Finally, complete these steps before throwing the switch

To go live and serve traffic through the Akamai production network, you'll need to do a couple of things.

How to

  1. (optional) Change your DNS Time to Live (TTL).
    Two DNS TTL settings affect the speed of the go-live process. The first setting is on your existing web server’s DNS A records. The DNS TTL set on those records will affect how long it takes for all users to start using Akamai after you go live.

    The second setting is the DNS TTL on your CNAME record (addressed in Step 3). This TTL affects how long it takes your users to revert directly to your origin if you need to turn Akamai off.

    Changing your DNS TTL is up to you, but it’s best to start low, say 10 minutes (600 seconds). That way you won’t have to wait so long to make sure any modifications work correctly. You can increase it later if you choose.

  2. Review how you use your logs and IP addresses.
    If you’re using your origin web server’s logs or relying on incoming IP addresses for analytics or geo-targeting purposes, you’ll need to make some changes before going live with Akamai.
    Web server logs
    Once you’re using Akamai, requests for cached content won’t always show up on your web server origin logs. If you’re relying on your origin server logs for analytics or debugging, you’ll want to turn on Log Delivery Service (LDS). When using LDS, Akamai sends you the logs from the Akamai edge servers so you won’t miss important data.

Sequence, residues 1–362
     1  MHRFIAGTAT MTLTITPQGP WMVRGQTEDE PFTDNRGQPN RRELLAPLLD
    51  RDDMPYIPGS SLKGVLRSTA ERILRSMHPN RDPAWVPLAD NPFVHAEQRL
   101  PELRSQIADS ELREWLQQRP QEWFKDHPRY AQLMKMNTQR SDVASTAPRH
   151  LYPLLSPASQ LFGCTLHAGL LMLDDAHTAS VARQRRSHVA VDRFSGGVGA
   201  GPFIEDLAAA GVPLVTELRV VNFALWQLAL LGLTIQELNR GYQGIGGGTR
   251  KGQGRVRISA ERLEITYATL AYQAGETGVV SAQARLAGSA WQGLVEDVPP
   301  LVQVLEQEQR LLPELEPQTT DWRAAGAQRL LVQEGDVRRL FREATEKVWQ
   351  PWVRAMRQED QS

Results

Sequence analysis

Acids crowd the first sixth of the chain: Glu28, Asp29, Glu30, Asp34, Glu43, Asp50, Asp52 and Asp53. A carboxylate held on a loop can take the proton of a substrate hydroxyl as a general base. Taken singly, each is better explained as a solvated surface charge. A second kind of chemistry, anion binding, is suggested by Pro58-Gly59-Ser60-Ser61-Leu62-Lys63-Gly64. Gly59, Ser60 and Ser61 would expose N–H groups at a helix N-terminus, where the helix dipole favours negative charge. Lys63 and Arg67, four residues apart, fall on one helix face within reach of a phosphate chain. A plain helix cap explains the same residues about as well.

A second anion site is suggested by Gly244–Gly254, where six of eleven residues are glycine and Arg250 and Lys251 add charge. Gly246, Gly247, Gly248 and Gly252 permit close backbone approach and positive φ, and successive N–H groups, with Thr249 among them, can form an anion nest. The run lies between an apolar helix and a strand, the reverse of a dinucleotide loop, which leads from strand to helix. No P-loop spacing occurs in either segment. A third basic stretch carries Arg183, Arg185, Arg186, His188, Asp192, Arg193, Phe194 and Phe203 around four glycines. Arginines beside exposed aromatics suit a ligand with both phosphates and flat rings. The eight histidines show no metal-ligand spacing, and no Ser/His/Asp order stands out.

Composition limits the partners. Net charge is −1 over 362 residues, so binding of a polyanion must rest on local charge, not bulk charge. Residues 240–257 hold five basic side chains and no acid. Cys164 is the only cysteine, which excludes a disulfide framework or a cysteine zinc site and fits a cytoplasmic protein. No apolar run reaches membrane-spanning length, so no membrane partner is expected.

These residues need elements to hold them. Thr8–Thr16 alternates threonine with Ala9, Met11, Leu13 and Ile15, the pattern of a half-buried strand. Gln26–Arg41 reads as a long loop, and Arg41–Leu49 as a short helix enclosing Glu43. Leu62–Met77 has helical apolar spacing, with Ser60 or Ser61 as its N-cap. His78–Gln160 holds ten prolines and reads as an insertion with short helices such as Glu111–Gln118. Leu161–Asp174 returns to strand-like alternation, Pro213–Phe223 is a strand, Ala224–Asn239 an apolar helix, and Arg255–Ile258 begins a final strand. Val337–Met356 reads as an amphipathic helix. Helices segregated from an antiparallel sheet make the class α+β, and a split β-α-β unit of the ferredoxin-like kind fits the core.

Check the Log Delivery Service User Guide on Control Center to learn more about the server logs you’re using. The object ID should match your primary domain.

    Client IP Addresses
    After you go live, Akamai servers operate between your web server and your end user, and the client IP addresses connecting to your origin web server will be Akamai IP addresses instead of your end user IP addresses. Note that Akamai makes sure the end user IP information is still available to you. Every request that travels from an Akamai server to your origin will have a new HTTP header added to it called True-Client-IP. You can see the end user IP address in that header.
  3. Update your DNS record and add a CNAME as follows:
    A DNS CNAME (or canonical name) record specifies that a domain is an alias for another domain. Most DNS providers offer detailed instructions on the process of creating CNAME entries.
    1. Log into your DNS provider account for the domains you’re onboarding to Akamai.
    2. Find the page to update/edit your domain's DNS records. This might be called something like, DNS Management or Name Server Management.
    3. Locate the entry for your domain. If there is an A record currently, change the record type to a CNAME record. If there is currently a CNAME record, change the target to the Akamai provided value.
    4. Save the changes and wait for them to take effect.
      Note: The time it takes for the change to take effect is dependent on the prior TTL applied to that DNS record, typically measured in seconds (for example, 84600 = 24 hours). Refer to changing your TTL for lowering your DNS TTL.
    CNAME record
    Host/Name/Alias Time to Live (TTL) Record Type Value/Answer/Destination
    www 600 CNAME

    If you lower your DNS TTL to 600 (10 minutes) before preparing to go live, that is how long it should take for all name servers to pick up the changes to your site.